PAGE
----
Good marketing is good storytelling.
Be it fiction or fact, the art of good storytelling is difficult, and not natural for everyone. Done well, an engaging story can turn the fortunes of a brand and company around in just one campaign. But how many great stories are being told through marketing communications today?
Not as many as there should be.
The emergence of a direct line of engagement with customers through digital and social media channels means there is a clear opportunity to deliver engaging, professionally produced journalistic content at a significantly reduced cost of delivery. Some brands that have made this style of direct brand storytelling central to their communications strategy, essentially telling their brand narrative through a myriad of other stories, capitalising on the professional storytelling talent in the marketing and media talent pool.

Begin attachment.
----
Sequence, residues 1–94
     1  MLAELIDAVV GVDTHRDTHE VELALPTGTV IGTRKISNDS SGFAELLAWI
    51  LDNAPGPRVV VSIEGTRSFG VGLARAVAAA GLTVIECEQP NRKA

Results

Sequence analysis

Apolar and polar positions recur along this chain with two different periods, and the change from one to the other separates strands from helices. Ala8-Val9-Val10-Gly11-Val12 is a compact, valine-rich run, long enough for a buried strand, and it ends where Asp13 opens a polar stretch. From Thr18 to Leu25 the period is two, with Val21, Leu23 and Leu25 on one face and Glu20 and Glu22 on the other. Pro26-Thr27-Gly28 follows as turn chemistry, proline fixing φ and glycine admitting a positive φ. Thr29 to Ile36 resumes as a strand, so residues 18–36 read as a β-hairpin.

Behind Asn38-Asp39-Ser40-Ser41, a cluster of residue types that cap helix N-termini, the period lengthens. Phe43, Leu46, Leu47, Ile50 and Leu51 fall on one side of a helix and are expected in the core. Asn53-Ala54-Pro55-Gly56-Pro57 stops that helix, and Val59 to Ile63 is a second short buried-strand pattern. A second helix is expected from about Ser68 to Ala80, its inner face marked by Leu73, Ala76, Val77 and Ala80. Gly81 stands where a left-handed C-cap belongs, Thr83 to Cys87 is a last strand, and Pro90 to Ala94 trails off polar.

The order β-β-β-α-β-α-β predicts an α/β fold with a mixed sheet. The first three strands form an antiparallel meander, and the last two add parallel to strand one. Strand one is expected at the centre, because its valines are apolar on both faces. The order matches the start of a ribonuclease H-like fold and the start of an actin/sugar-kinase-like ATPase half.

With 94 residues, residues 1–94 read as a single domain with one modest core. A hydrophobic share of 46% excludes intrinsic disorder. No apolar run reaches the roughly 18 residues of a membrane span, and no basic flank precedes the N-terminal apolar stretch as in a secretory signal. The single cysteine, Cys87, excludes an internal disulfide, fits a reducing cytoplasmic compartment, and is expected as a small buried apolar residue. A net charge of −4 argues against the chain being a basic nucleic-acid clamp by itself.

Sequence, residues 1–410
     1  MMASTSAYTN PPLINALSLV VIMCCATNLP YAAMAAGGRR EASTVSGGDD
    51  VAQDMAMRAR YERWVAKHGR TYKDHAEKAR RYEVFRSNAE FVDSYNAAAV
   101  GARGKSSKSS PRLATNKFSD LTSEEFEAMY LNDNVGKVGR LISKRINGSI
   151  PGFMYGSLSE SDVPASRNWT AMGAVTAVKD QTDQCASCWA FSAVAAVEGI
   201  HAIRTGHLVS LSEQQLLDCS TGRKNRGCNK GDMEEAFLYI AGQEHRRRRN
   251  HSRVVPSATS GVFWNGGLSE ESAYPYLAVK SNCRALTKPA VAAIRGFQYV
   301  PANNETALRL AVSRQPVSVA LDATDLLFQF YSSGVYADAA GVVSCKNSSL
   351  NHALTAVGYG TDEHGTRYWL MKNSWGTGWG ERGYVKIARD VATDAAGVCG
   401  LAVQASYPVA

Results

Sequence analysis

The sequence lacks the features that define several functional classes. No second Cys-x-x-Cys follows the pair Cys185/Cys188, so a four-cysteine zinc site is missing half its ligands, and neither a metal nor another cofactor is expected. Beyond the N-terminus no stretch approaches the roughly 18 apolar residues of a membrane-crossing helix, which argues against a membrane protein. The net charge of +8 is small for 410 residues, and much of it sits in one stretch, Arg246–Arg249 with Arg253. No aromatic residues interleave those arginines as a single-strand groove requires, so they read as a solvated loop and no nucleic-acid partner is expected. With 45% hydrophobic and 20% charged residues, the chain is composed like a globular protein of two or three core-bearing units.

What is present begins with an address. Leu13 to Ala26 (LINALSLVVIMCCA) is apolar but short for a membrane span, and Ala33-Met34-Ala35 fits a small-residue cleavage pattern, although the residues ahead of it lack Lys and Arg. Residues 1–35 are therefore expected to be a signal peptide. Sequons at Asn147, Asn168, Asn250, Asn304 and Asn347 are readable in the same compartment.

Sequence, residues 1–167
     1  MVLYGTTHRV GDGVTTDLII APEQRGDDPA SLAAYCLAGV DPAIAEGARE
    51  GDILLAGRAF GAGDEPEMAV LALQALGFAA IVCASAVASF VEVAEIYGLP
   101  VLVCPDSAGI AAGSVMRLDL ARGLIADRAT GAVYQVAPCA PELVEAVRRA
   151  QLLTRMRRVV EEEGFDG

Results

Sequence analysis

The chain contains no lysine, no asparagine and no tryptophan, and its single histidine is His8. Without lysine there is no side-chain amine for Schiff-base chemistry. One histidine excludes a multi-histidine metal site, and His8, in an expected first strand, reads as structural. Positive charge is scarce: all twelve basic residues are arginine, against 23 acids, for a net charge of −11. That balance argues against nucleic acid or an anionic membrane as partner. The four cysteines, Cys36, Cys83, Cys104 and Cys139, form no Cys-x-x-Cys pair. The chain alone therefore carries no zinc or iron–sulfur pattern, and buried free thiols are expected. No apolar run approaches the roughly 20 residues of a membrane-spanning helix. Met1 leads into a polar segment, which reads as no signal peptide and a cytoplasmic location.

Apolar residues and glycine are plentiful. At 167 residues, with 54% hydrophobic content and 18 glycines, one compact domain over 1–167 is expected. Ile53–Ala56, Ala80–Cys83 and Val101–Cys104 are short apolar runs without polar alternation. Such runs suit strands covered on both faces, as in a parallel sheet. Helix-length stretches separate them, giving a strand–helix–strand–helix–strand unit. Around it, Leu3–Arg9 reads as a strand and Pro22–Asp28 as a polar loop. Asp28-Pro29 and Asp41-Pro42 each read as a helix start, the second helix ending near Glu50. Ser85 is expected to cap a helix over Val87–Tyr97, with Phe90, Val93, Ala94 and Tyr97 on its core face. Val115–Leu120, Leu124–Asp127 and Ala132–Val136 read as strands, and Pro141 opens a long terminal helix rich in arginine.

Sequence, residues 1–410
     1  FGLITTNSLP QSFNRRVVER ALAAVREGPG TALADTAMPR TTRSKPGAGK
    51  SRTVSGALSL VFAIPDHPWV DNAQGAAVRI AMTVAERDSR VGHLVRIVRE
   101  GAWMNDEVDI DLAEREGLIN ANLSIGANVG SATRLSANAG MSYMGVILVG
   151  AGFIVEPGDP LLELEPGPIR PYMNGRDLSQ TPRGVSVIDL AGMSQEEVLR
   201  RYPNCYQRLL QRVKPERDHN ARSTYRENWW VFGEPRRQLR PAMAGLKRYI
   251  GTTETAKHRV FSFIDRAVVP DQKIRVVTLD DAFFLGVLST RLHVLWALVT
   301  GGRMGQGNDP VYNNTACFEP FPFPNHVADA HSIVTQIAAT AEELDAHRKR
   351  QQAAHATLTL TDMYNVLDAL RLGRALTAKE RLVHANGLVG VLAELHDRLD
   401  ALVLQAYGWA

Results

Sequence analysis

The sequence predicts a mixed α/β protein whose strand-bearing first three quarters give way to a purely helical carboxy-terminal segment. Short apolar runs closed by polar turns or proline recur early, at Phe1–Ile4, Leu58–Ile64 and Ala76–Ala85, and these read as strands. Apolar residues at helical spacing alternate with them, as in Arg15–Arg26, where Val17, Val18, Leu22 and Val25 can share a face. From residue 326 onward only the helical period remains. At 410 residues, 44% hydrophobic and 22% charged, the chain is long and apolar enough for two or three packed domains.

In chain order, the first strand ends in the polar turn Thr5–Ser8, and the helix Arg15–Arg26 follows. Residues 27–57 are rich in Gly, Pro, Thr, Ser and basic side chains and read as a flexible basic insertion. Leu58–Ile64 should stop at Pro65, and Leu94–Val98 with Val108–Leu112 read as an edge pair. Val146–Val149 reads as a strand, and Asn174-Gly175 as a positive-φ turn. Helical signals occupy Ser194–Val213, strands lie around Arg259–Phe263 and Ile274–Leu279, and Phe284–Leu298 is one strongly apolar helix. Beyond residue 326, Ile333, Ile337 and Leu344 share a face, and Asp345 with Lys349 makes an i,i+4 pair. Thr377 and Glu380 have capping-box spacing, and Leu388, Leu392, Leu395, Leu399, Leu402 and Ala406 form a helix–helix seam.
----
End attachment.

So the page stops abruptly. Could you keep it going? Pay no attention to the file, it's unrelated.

Not just confined to Australia, the talent pool of great storytellers is global. Startups like Contently have realised this, and are building a network of writers, publishers and clients that brands can call on to tell their stories.
This trend is what is known as brand journalism: honest brand storytelling that invites participation. Many brands already do this by proxy, to some degree, through agency partners. But brand journalism seeks to overtly place a company as the enabler of journalistic content.